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Tuesday, December 02, 2014

Museum Review: The Avant-Garde Collection @ The Orange County Museum of Art

Chris Burden's assemblage work A Tale of Two Cities is one of the artworks displayed in the Avant Garde Collection exhibit at the Orange County Museum of Art, on until January 5th, 2015

Museum Review: The Avant-Garde Collection @
The Orange County Museum of Art
Exhibit runs through January 4th, 2015

   I didn't have high expectations for the Orange County Museum of Art, which is figuratively if not literally in the parking lot of the Orange County Mega Mall Fashion Island.  I was pleasantly surprised by the content if not the theme of their current exhibition, The Avant-Garde Collection, which runs through January 4th 2015.  I don't typically get into issuing serious criticisms of the underlying logic behind the content of a museum exhibition, but calling a collection of modern art "the avant-garde collection" is akin to calling it "the art collection;" in other words, superfluous and obvious.
This is a photograph of Chris Burden's Metropolis, which is on display at the Los Angeles County Museum of Art

  However the actual works on display were tip top, with my personal favorite being Chris Burden's 1981 room sized installation, A Tale of Two Cities.  Like his somewhat similar work at LACMA, Metropolis, A Tale of Two Cities can not fail to enchant the viewer with the scope and detail both equally pleasing to the eye and mind.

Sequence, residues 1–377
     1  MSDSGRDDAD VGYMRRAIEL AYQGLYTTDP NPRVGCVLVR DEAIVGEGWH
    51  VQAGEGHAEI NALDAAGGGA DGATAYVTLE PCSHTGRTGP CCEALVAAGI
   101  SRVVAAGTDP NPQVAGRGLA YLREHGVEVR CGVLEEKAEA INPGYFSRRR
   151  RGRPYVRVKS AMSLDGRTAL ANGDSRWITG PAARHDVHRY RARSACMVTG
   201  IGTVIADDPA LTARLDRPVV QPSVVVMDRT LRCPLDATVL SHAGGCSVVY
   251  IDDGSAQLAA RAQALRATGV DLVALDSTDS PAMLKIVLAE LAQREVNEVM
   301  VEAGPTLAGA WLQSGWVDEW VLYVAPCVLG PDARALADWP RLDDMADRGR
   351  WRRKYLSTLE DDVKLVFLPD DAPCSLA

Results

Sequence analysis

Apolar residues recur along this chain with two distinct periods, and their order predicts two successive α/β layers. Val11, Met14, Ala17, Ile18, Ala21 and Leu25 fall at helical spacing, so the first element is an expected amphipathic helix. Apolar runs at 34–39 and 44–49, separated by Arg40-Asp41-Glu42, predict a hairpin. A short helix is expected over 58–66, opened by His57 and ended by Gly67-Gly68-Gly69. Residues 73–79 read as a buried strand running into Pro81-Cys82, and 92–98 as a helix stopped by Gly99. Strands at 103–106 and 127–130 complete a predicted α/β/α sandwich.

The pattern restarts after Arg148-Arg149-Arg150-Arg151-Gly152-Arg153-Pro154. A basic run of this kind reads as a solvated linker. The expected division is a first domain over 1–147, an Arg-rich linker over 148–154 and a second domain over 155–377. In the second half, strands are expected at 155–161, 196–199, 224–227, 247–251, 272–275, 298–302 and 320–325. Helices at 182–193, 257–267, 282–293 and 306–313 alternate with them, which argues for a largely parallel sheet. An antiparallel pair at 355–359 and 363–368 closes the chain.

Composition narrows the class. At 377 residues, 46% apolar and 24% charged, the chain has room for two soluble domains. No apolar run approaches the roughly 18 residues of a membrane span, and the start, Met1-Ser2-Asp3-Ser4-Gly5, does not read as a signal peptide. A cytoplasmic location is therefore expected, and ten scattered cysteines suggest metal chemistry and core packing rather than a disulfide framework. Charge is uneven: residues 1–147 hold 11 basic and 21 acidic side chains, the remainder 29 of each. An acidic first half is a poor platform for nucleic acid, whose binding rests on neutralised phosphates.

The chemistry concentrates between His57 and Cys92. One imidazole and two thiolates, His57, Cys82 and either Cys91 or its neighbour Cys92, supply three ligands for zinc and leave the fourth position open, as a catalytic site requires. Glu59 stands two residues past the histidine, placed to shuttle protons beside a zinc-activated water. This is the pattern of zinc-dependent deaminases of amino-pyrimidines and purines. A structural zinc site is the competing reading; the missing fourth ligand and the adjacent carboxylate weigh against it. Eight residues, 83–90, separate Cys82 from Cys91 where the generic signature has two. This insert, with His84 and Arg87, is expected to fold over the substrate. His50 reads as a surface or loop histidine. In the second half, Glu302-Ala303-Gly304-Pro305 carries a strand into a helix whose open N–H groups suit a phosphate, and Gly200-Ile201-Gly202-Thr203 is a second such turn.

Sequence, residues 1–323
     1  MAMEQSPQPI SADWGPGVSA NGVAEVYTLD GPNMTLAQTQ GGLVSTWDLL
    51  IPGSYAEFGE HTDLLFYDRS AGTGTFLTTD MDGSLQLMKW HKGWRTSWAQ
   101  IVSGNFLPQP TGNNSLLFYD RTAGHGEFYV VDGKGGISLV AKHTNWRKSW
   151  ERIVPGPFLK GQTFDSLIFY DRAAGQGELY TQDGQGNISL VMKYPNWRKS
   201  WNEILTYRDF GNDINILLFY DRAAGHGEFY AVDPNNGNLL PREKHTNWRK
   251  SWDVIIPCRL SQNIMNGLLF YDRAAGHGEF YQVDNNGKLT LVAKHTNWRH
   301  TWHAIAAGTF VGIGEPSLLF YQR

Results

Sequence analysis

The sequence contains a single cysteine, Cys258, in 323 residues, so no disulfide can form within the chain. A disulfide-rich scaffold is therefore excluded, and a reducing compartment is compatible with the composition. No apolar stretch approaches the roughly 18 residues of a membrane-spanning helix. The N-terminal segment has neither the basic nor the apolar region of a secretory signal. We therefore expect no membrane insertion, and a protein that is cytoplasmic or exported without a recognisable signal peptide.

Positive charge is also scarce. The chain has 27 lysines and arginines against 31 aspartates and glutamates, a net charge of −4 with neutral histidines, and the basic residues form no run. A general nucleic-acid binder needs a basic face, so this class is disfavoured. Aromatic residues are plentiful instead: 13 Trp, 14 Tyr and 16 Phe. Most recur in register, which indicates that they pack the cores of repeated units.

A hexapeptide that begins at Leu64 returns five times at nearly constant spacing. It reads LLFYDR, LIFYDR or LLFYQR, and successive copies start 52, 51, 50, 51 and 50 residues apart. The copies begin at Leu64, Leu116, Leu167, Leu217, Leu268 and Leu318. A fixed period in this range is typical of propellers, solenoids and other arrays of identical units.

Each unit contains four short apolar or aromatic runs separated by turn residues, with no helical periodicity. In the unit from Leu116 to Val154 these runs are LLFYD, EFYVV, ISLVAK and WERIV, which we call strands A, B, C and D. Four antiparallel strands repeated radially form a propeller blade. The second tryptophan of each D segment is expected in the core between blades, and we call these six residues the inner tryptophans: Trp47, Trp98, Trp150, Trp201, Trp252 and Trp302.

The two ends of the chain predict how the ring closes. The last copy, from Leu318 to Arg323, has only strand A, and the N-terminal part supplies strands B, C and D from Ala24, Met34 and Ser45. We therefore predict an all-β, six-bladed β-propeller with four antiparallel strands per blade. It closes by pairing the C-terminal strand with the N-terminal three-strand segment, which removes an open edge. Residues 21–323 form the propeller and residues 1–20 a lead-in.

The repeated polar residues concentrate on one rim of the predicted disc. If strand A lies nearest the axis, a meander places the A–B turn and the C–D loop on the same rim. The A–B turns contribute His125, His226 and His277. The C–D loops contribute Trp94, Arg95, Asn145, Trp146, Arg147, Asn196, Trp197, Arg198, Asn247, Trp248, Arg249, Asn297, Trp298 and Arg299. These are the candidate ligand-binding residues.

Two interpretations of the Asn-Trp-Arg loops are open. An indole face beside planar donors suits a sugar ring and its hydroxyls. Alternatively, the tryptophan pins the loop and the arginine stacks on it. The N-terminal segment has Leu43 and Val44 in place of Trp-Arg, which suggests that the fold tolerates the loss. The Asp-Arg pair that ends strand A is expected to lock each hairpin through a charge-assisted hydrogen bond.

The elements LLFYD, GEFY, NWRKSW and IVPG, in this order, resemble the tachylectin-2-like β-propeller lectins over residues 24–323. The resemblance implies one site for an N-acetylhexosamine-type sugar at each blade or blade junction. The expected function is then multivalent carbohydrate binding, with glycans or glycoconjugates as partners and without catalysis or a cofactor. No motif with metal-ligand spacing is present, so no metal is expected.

Other highlights from this exhibit include a video of John Baldessari intoning Sol LeWitt's "rules for making art," a 8 panel Andy Warhol piece featuring Chairman Mao and a couple of very creepy doll centered works.  Does any museum goer in 2014 need to have the concept of "avant-garde" explained?  Hopefully not, but the works included make a short detour from the mall worth the trip.  It's an exhibit arguably worth a trip up from LA, probably not from San Diego.

  There was no permanent collection in site, so if you go the Orange County Museum of Art you are going to see the current exhibit.  They also have a nice looking space for performances.  No museum cafe or restaurant.  Parking was free and easy.

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